5G Gets a Deep Dive at NATE

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NATE Unite 2019

With the U.S. facing stiff competition from China and South Korea in the race to implement 5G, the industry and companies responsible for building it, assembled in a hall in Dallas last week at NATE Unite 2019 to hear more on how it can be won.

The panel was comprised of Inside Towers Managing Editor Jim Fryer as moderator, along with Amandus Derr, Government Relations Manager at Crown Castle, Jeff Lewis, Founder and CEO of VERTICOM, Tom Prestwood, CEO of Centerline Solutions and Alexi Maltas, SVP and General Counsel  of the Competitive Carriers Association (CCA).

Covering a wide range of topics, the panel addressed everything from skill sets needed by tower crews to serve the buildout, to the current legislative and regulatory landscape affecting 5G’s deployment.     

Amandus “Mandy” Derr of Crown Castle said it was imperative the U.S. wins the race to 5G. The country has improved its odds with greater progress in state legislation that has allowed for lowered access fees on poles and eased shot clock rules, according to Derr.  Derr said Crown Castle will now be able to build out over 2,000 small cells in Texas alone, in 2019. In his four years with Crown, Derr was involved in negotiating agreements and obtaining approvals for small cell deployments prior to and after the Texas state small cell legislation that took effect in September 2017.  

Alexi Maltas of CCA said much of the legislative landscape was in need of change to further ease deployment issues, citing $170,000 reviews of tower projects on tribal lands that never come to fruition and coverage maps from the FCC that are inaccurate.  “If you can’t measure it,” Maltas said, “you can’t fix it.”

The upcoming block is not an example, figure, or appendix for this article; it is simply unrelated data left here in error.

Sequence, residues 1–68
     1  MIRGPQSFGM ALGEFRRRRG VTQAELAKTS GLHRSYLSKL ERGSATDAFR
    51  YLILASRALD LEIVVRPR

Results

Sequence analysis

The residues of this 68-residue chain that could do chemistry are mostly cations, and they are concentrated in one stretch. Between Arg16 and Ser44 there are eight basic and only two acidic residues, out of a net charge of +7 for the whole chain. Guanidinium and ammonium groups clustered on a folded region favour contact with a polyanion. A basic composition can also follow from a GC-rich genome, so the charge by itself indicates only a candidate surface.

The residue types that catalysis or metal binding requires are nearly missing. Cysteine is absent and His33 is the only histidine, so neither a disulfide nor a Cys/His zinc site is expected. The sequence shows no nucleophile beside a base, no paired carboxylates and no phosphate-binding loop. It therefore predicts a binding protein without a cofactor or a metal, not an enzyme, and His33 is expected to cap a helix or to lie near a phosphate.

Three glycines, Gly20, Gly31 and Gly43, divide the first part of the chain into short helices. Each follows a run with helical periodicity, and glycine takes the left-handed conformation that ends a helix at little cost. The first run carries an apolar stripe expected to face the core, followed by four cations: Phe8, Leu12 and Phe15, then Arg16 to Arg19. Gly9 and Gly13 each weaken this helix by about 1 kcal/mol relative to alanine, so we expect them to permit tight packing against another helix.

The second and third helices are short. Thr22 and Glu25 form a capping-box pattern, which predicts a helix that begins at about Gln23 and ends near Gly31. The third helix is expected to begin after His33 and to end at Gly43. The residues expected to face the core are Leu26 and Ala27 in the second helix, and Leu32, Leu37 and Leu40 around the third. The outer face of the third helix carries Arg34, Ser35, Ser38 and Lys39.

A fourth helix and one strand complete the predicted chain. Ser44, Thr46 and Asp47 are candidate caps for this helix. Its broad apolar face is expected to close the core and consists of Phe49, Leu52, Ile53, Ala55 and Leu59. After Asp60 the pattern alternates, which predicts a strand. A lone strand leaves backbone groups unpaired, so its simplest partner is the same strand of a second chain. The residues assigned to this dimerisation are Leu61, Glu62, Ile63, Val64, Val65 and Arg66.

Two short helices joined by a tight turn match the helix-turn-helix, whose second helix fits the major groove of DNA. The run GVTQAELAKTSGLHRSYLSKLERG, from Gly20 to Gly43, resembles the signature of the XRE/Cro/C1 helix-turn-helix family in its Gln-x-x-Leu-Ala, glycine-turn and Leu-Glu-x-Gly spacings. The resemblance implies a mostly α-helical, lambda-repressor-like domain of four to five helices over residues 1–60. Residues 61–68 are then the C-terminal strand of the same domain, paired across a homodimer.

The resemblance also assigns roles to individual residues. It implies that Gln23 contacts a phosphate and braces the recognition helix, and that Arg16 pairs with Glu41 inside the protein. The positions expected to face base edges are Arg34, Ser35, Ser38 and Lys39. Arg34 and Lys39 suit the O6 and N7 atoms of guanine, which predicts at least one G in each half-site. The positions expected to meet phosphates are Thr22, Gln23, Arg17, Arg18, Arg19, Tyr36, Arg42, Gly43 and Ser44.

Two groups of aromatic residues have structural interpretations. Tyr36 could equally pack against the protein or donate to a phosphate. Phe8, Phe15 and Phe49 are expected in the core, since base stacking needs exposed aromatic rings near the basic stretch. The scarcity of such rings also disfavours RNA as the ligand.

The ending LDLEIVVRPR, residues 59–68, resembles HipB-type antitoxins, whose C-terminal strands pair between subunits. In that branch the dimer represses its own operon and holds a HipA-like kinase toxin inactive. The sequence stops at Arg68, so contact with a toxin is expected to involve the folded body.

As the ‘boots on the ground’ representatives on the panel, CEOs Tom Prestwood of Centerline Solutions and Jeff Lewis of VERTICOM stressed developing qualified crews through more industry-sponsored training and education. Prestwood said 5G is not a panacea for the industry, however, and he will proceed accordingly.  “If we’re not going to make a profit on it,” he said, “then we’re not going.”

Lewis said the first uptick on 5G will come from a residential demand. He stressed several key skills needed to build a network densification that could rival the Asian competitors, including being leaders in OSP design, aerial and burial construction and splicing techniques to assist with field engineering, construction and maintenance. He said he would like to see trucks rolling with crews that can efficiently install antennas, radio equipment, power and cabling via aerial lift, or bucket trucks that can also sweep and PIM test.

“We must be leaders in fiber construction, node construction, OSP design, aerial and burial construction MOP’s and splicing techniques,” he said “in order to assist with field engineering, construction and maintenance.”

February 11, 2019

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